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An Echo Server In O2

Posted by Brian Andersen on June 12, 2012

Hello everyone I am back after a brief posting hiatus. I have spent the last few weeks working on O2′s facility for distributed computing. In my last series on concurrency I demonstrated how O2 can be used to build highly concurrent programs that share state using O2′s blackboard. O2′s concurrency facility makes it possible to write programs that communicate with themselves. But what about programs that communicate with the outside world, especially other O2 programs? In the next series of posts I will demonstrate how O2 programs can communicate with other from a distance, that is, without use of a common blackboard.

Introducing Bots

The basic unit of distributed computation in O2 is a bot. The wikipedia article on bots lists some examples of how the term bot is used in computing:

  • Web crawler or Web spider, a computer program that does automated tasks
  • Internet bot, a computer program that does automated tasks
  • Chatterbot or Chat bot, a computer program that converses in natural language
  • Internet Relay Chat bot, a computer program connected to an Internet Relay Chat server as a user, but providing special services or performing special functions
  • Computer game bot, a computer-controlled player or opponent
  • Bots (edi), an open-source EDI software
  • BOTS, a computer game
  • Bot, a line of budget desktop PCs manufactured by Alienware

So basically, a bot is some program that sits on a computer network, sends and receives messages with other programs, and hopefully does some useful and beneficial task. In terms specific to O2, a bot is a collection of fibers all connected to a single blackboard. You can create multiple bots within a single instance of O2 running on a single computer, but they will not be able to communicate using the blackboard because each will have its own blackboard that is isolated from the others. Communication between bots needs to happen via other means.

Introducing Send and Receive, Accept and Reply, Listen and Open

In my concurrency programs I made heavy use of the operators read and write, along with their variants like dispatch, throttle, peek, and gawk. In a similar vein, I am creating a suite of operators for inter-bot messaging. It is based on a paradigm of asynchronous request and response. A bot can initiate communication with another bot using the send operator to send a message, and the receive operator to get a response back. Or it can wait for someone to send a message to it using the accept operator, and can then respond using the reply operator. This is an asynchronous paradigm because sending messages out is a separate operation from receiving responses. This affords more control to the programmer than the synchronous, Remote Procedure Call model where sending messages out and getting responses back is a single operation. For example, a single bot can fire off several requests to other bots and let them work in parallel while waiting for all the results to come back, rather than doing one request at a time. But O2′s innovative syntax allows you to keep the code concise regardless of which messaging pattern you want to follow.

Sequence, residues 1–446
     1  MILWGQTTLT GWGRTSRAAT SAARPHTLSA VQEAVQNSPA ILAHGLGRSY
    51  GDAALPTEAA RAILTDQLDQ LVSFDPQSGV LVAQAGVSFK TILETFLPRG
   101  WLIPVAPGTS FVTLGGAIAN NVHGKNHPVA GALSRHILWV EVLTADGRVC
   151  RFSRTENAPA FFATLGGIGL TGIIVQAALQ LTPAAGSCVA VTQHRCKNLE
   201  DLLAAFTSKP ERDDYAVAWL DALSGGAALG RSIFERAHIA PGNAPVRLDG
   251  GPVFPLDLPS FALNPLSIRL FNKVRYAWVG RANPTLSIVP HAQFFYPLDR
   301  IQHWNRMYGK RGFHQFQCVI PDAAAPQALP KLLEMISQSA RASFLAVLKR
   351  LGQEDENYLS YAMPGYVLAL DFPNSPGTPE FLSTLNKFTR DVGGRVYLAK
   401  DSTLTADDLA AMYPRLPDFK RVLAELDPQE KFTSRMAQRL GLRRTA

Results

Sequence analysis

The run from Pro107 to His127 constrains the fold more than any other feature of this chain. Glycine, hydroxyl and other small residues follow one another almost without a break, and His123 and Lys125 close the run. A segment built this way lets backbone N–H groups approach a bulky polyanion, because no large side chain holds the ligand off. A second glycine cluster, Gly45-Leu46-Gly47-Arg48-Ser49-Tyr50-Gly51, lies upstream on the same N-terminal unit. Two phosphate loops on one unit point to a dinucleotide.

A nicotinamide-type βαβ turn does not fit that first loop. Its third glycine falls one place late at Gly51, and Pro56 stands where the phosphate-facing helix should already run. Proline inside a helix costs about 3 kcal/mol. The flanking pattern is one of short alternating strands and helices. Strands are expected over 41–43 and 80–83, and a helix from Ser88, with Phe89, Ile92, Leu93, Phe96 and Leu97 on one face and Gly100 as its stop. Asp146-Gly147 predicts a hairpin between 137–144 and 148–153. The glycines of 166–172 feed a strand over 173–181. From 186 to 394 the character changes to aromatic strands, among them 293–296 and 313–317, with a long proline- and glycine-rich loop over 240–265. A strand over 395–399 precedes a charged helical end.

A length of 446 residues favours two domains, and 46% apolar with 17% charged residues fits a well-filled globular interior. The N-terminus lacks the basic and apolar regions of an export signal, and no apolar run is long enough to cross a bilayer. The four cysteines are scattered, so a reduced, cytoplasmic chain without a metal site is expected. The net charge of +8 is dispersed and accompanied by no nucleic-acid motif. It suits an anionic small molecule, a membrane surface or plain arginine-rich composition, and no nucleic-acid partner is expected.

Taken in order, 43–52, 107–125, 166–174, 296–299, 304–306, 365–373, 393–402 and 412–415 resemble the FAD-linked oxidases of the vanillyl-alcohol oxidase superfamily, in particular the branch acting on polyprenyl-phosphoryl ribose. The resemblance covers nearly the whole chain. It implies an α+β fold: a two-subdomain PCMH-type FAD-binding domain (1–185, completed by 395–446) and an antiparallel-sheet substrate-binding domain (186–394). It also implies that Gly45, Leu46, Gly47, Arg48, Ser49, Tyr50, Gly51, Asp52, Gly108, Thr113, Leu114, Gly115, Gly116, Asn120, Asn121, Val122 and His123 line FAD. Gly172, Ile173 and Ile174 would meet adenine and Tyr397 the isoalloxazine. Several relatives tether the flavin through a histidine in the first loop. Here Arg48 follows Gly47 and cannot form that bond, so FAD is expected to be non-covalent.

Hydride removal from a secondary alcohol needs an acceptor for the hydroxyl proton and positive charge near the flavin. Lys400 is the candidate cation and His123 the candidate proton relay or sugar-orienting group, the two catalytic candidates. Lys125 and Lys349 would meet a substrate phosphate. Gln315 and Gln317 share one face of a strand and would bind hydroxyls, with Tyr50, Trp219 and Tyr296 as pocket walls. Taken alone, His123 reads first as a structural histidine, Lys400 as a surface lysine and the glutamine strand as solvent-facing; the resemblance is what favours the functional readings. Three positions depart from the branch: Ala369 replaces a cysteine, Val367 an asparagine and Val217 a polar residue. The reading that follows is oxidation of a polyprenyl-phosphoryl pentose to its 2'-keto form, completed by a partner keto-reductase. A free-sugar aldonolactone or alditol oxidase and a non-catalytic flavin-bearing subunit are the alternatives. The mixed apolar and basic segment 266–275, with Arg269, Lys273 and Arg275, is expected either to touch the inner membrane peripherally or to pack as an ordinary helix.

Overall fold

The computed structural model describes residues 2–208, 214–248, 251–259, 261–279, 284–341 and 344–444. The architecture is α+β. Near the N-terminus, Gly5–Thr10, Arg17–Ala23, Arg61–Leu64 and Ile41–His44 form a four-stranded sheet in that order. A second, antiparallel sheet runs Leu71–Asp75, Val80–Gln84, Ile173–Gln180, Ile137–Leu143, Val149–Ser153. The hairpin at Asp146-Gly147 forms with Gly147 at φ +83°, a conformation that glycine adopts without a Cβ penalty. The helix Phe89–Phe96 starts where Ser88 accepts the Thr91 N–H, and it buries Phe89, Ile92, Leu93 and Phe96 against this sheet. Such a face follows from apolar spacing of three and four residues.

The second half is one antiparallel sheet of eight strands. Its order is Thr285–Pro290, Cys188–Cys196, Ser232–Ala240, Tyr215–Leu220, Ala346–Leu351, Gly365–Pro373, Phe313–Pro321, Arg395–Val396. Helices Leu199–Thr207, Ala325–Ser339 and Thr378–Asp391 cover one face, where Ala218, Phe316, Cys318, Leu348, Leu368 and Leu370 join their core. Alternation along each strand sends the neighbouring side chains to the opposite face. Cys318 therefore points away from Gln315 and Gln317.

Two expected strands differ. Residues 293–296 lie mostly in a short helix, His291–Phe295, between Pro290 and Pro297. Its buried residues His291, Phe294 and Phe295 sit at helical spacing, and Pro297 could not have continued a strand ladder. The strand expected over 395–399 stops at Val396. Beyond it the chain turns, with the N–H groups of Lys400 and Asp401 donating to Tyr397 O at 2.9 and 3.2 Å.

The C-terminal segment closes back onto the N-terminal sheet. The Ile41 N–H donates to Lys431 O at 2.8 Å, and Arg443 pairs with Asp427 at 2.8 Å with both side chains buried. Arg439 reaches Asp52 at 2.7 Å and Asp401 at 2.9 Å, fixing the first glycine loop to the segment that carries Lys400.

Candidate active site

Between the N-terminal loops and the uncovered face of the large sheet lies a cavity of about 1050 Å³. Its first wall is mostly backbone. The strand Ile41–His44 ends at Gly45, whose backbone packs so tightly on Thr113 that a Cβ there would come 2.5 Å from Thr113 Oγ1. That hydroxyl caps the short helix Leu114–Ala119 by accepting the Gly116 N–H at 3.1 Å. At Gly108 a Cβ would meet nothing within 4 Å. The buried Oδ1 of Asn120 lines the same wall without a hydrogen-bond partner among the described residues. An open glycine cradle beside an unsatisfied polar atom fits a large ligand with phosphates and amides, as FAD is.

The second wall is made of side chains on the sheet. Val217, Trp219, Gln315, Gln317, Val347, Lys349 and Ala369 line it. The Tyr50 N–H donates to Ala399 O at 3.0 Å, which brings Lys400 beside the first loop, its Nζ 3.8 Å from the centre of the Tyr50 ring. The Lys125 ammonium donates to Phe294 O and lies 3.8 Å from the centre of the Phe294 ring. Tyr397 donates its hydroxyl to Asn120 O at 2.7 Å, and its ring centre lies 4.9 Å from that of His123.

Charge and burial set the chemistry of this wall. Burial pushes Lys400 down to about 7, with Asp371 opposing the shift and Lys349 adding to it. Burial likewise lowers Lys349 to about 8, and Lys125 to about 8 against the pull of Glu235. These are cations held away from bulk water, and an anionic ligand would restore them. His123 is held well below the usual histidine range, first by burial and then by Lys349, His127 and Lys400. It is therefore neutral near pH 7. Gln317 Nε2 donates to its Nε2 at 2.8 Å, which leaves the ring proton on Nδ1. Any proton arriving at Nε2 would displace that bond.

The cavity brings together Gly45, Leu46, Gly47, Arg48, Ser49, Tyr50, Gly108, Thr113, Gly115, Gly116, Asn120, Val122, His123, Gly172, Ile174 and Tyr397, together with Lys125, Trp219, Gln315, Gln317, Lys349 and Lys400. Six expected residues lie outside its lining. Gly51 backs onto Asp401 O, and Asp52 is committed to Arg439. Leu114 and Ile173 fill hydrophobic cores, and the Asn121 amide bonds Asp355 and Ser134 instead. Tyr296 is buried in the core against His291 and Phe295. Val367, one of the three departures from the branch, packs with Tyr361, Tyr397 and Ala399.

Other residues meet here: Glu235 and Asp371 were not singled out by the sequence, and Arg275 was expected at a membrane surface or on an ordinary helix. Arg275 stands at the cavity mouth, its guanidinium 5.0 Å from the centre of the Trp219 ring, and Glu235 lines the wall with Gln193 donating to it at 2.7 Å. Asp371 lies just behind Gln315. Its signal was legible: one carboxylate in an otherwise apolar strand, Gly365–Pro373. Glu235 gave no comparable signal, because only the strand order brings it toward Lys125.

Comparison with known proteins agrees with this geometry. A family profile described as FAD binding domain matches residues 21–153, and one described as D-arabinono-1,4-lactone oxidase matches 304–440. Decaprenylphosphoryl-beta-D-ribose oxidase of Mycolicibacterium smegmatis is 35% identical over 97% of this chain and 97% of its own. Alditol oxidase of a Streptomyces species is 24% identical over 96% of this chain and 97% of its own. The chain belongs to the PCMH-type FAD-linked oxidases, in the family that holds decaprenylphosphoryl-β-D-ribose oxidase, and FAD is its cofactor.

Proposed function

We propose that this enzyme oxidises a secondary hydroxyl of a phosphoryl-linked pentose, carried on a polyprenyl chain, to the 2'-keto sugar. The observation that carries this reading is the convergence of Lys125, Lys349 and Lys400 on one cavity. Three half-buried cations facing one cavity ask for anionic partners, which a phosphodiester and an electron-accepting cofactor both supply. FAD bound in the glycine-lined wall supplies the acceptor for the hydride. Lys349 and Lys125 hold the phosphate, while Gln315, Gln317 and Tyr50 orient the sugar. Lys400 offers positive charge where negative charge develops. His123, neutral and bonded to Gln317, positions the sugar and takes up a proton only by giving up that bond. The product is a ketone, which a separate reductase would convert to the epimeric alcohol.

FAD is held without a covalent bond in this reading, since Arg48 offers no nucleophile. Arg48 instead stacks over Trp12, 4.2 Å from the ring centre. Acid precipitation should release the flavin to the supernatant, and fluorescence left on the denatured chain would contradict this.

In the example below you will see two other operators; listen and open which allow you to listen for client connections and open connections to a server. I will show you how all of these operators work together in the context of a simple echo client and server. The client sends out requests to the server and the server echo’s the messages back as it sees them.

The Code

{ server:

This is going to be the definition of the server bot. Creating a new bot is just as easy as creating a fiber.

  { echo:
    { message:$L accept 1l
      :$message.id reply eval {text:"ECHO:" + $message.body.text}
      <-$L echo $R
    }

As I mentioned above, a bot is just a collection of fibers tied to a single blackboard. So within the definition for a bot is where you will define and start fibers for that bot. This is the echo operator which will be launched as a new fiber within the server bot. The left argument to the echo operator is the integer handle to the server socket. So the accept operator waits for messages from the server. The message that is received is a block that has at least two children; an id which is a symbol that you can use to reply back to that message, and a body which is the content sent from the client. So echo uses the reply operator, passing the id on the left and the body of the reply on the right. At the end it calls itself in order to process the next message.

    :fiber {<-(listen $L) echo $R}
    <-wait 0l
  }